Home since mid-March, students will not be returning to school this spring. The province this week announced the cancellation of classes, emphasizing a voluntary online option.
The decision came Tuesday in an online briefing from Premier Doug Ford and Minister of Education Stephen Lecce, who cited safety concerns for cancelling the 2019/2020 school year.
“I’m just not going to chance it when it comes to our kids,” said Ford. “We know that people travel all across this province and in the summer, they even travel more. … Some areas don’t even have any COVID cases, but why chance it for a few weeks? It’s just not worth it, and when it comes to our children, I’ve said many times I’m not going to chance anything.”
Ford’s decision to close schools comes as provinces like Quebec and British Columbia have seen students return to class on a voluntary basis.
To make up for the cancellation of the school year and ensure students will be able to get the necessary education needed to move forward, online learning already established in early April will continue.
Ford says report cards will go out for all students from kindergarten to Grade 12, with everything possible being done for students to graduate as they should. Summer learning will also be expanded this year and will welcome “more students than ever before” to a voluntary in-class and online learning experience, focusing on seven different areas of study.
Kitchener-Conestoga MPP Mike Harris says he welcomes the announcement, which protects kids during the pandemic.
“As a father of five young children and working largely from home these past few weeks, I understand the real pressures faced by parents right now,” said Harris. While schools will remain closed, the province is boosting summer learning and is leveraging all tools, resources, and services available to assist local schools boards in developing at-home learning for students especially in rural areas.”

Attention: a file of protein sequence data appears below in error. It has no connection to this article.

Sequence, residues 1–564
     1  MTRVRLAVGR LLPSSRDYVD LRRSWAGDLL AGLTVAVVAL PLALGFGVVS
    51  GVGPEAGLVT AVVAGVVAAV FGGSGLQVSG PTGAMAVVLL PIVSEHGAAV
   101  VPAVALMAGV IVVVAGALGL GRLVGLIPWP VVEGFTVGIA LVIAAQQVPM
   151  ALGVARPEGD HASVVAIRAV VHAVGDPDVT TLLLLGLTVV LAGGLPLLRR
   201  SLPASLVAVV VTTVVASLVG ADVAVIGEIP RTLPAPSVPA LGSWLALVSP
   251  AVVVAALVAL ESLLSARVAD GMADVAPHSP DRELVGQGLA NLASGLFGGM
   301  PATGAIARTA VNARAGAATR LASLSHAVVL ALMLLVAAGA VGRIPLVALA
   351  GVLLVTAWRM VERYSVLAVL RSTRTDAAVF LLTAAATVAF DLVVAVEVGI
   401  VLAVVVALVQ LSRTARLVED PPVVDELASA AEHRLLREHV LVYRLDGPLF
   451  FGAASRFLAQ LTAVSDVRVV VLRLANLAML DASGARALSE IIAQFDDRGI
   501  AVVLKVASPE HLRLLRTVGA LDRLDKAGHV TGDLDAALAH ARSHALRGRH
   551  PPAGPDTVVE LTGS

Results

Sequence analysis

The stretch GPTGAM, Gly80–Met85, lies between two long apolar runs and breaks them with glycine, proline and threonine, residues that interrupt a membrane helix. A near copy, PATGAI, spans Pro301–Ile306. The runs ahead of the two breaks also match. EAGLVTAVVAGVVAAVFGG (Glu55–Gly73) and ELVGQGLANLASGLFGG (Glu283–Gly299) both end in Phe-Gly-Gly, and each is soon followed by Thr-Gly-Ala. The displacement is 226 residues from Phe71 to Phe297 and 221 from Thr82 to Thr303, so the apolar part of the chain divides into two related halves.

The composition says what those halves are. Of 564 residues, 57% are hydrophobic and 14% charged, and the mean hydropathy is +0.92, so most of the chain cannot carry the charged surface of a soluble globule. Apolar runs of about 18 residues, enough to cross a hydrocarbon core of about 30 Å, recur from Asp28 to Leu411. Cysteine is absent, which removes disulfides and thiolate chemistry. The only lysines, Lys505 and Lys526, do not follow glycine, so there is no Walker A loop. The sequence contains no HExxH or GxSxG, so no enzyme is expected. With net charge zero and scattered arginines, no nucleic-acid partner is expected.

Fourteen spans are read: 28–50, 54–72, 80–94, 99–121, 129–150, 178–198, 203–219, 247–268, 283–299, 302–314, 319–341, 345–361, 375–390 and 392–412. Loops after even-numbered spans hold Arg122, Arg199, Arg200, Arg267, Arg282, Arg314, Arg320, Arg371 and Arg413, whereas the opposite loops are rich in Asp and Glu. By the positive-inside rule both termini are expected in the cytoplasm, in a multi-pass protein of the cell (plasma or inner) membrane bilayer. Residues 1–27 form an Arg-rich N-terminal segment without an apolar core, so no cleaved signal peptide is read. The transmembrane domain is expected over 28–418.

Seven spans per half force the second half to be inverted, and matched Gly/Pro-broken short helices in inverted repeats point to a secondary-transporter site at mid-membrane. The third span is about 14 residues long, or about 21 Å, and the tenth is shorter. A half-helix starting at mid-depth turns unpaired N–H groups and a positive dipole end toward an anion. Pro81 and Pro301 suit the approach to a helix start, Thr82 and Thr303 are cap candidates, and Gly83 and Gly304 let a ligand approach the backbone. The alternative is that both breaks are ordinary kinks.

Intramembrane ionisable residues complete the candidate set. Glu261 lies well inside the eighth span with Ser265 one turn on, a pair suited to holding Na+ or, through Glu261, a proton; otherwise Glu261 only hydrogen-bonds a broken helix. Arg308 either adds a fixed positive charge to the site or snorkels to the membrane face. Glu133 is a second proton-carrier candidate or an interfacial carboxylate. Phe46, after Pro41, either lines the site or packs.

In addition to schools remaining closed, Ford announced that overnight camps would not be taking place this year for safety reasons.
“Unfortunately, we just can’t have camps with 500 kids living together right now. I know this will be tough for many kids who look forward to their overnight camps,” he said in his statement.
There is hope for those who still want to have some form of summer camp experience as day camp programs can be held if “trends continue to improve.” These openings will come if deemed safe by local health officials, and guidelines will be imposed to ensure their health and safety. This will happen in phase two of the province’s reopening plan, with phase one having been rolled out this week.
Lecce says there are plans to reopen childcare centres once the province reaches phase two of reopening, which will be done with strict healthcare protocols. Currently, emergency childcare is available only for frontline workers.
School is expected to reopen this fall, and Lecce said new standards will be imposed so students can safely return to class. These guidelines will be announced before the end of the current school year in June.